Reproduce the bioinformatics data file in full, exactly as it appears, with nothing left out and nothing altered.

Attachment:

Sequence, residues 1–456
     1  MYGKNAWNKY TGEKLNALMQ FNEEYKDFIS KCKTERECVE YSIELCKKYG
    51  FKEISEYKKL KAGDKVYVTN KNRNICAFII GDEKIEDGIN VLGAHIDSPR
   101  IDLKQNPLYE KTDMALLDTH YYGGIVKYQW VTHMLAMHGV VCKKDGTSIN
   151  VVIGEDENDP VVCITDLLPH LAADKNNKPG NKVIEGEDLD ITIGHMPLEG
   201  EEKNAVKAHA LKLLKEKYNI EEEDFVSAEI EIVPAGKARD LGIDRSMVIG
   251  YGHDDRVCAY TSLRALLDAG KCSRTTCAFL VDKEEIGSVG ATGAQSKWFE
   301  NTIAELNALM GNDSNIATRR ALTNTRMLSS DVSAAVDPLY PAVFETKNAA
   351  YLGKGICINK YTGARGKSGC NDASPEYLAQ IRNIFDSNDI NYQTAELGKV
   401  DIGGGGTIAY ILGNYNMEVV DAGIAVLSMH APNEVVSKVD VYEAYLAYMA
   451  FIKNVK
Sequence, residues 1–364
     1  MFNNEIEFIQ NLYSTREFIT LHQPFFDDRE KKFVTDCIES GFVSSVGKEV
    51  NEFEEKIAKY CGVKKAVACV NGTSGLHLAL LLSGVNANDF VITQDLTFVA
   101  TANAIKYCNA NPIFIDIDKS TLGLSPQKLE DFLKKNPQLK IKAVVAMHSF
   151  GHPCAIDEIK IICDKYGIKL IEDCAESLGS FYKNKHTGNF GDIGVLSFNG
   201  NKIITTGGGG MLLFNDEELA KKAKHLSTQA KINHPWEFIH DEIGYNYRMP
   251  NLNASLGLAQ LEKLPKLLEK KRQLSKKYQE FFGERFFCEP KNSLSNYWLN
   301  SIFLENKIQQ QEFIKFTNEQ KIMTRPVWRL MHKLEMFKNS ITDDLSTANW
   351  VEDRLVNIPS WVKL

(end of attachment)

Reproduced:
Sequence, residues 1–456
     1  MYGKNAWNKY TGEKLNALMQ FNEEYKDFIS KCKTERECVE YSIELCKKYG
    51  FKEISEYKKL KAGDKVYVTN KNRNICAFII GDEKIEDGIN VLGAHIDSPR
   101  IDLKQNPLYE KTDMALLDTH YYGGIVKYQW VTHMLAMHGV VCKKDGTSIN
   151  VVIGEDENDP VVCITDLLPH LAADKNNKPG NKVIEGEDLD ITIGHMPLEG
   201  EEKNAVKAHA LKLLKEKYNI EEEDFVSAEI EIVPAGKARD LGIDRSMVIG
   251  YGHDDRVCAY TSLRALLDAG KCSRTTCAFL VDKEEIGSVG ATGAQSKWFE
   301  NTIAELNALM GNDSNIATRR ALTNTRMLSS DVSAAVDPLY PAVFETKNAA
   351  YLGKGICINK YTGARGKSGC NDASPEYLAQ IRNIFDSNDI NYQTAELGKV
   401  DIGGGGTIAY ILGNYNMEVV DAGIAVLSMH APNEVVSKVD VYEAYLAYMA
   451  FIKNVK
Sequence, residues 1–364
     1  MFNNEIEFIQ NLYSTREFIT LHQPFFDDRE KKFVTDCIES GFVSSVGKEV
    51  NEFEEKIAKY CGVKKAVACV NGTSGLHLAL LLSGVNANDF VITQDLTFVA
   101  TANAIKYCNA NPIFIDIDKS TLGLSPQKLE DFLKKNPQLK IKAVVAMHSF
   151  GHPCAIDEIK IICDKYGIKL IEDCAESLGS FYKNKHTGNF GDIGVLSFNG
   201  NKIITTGGGG MLLFNDEELA KKAKHLSTQA KINHPWEFIH DEIGYNYRMP
   251  NLNASLGLAQ LEKLPKLLEK KRQLSKKYQE FFGERFFCEP KNSLSNYWLN
   301  SIFLENKIQQ QEFIKFTNEQ KIMTRPVWRL MHKLEMFKNS ITDDLSTANW
   351  VEDRLVNIPS WVKL